Kirsten Gillibrand's Improbable Path to Liberal Stardom

New York's junior senator has gone from a rural populist to the next Hillary Clinton—with White House ambitions to match. How did it happen?
Eric Thayer/Reuters

SYRACUSE, N.Y. — It's closer to breakfast than lunch, but Kirsten Gillibrand—wedged between five bulky men at a red-and-white-checkered table—nevertheless smiles until her eyes crinkle as a hamburger smothered in blue cheese and spinach is placed in front of her. She digs in, first with her fingers, then with a knife and fork, skipping the bun entirely. Burgers before 11 a.m.? Sure. But not even on home soil will the Democratic senator eat carbs.

Rick Lazio's refusal to eat a Gianelli's sausage here at the New York State Fair during his Senate race against Hillary Rodham Clinton in 2000 may have had something to do with why he lost. It was "akin to pushing away a kissable baby on the stump," the New York Daily News said. Gillibrand knows better than to turn away a baby. There's a hamburger-cooking contest to judge.

She awards her top vote to a bean-infused mushburger ("extra points for being healthy"), while also telling the crowd of meat enthusiasts that her favorite one might have been the one with cheese, bacon, and an egg. ("If you just keep adding enormous amounts of cholesterol, it makes anything delicious!") 

The crowd approves. She feels like one of their own. "My husband told me I could come to this event only because it was Gillibrand," an apple farmer recounted to me after the cook-off. "If it had been [Chuck] Schumer, he said he would have to divorce me."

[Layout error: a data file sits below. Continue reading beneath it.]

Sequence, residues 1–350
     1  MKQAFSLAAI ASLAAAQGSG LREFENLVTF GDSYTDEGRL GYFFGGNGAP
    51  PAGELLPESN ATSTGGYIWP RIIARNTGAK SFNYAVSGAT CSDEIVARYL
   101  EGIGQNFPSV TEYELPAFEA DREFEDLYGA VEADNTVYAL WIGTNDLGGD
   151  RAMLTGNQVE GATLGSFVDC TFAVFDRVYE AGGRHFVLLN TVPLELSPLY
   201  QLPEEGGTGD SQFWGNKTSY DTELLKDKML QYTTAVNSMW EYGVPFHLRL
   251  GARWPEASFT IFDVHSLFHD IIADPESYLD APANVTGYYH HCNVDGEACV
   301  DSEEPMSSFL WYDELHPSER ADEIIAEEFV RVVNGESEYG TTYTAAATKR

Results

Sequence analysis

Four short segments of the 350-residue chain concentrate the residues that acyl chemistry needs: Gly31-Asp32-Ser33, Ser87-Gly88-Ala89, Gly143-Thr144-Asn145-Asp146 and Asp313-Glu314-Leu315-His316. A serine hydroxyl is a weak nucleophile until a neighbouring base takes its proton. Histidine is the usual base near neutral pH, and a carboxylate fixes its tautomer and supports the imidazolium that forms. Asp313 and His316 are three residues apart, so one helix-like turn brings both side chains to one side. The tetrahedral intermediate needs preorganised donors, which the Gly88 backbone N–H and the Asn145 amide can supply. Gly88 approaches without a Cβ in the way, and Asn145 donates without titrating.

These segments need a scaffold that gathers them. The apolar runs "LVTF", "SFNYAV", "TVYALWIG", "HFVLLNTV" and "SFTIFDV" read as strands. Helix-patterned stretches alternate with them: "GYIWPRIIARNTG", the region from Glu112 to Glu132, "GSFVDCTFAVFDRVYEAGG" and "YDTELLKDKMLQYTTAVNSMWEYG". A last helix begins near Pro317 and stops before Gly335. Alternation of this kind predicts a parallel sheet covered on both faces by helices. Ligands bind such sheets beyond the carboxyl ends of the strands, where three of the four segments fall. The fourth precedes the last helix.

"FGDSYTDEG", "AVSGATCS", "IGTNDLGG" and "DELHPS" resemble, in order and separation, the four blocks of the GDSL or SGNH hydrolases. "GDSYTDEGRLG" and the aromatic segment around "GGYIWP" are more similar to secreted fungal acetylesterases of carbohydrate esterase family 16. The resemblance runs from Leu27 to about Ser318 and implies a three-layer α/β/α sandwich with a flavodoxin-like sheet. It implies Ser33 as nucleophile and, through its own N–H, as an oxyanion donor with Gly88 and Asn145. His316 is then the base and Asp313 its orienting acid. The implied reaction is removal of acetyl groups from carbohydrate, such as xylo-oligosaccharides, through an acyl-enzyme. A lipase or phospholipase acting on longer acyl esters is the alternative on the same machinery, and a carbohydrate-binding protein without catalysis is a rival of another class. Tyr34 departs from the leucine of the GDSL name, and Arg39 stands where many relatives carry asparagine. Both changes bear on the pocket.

Gillibrand is good at having it both ways, and not just when she's splitting the difference between looking healthy and authentic at Beef Day. This upstate native who once bragged about keeping shotguns under her bed also raises more money from the financial sector than any of her Senate colleagues (her haul included $89,700 from Goldman Sachs last cycle, the most among current members of Congress). Self-adorned with the humble goal of giving a "voice to the voiceless," she spent 15 years representing, among other clients, Philip Morris. Once the proud owner of an A rating from the National Rifle Association, Gillibrand watched her grade plummet to an F after she was appointed to the Senate and began supporting bills to curb gun trafficking. She has shifted her stance, too, on immigration, moving away from the hard-line positions she adopted as a member of the House of the Representatives.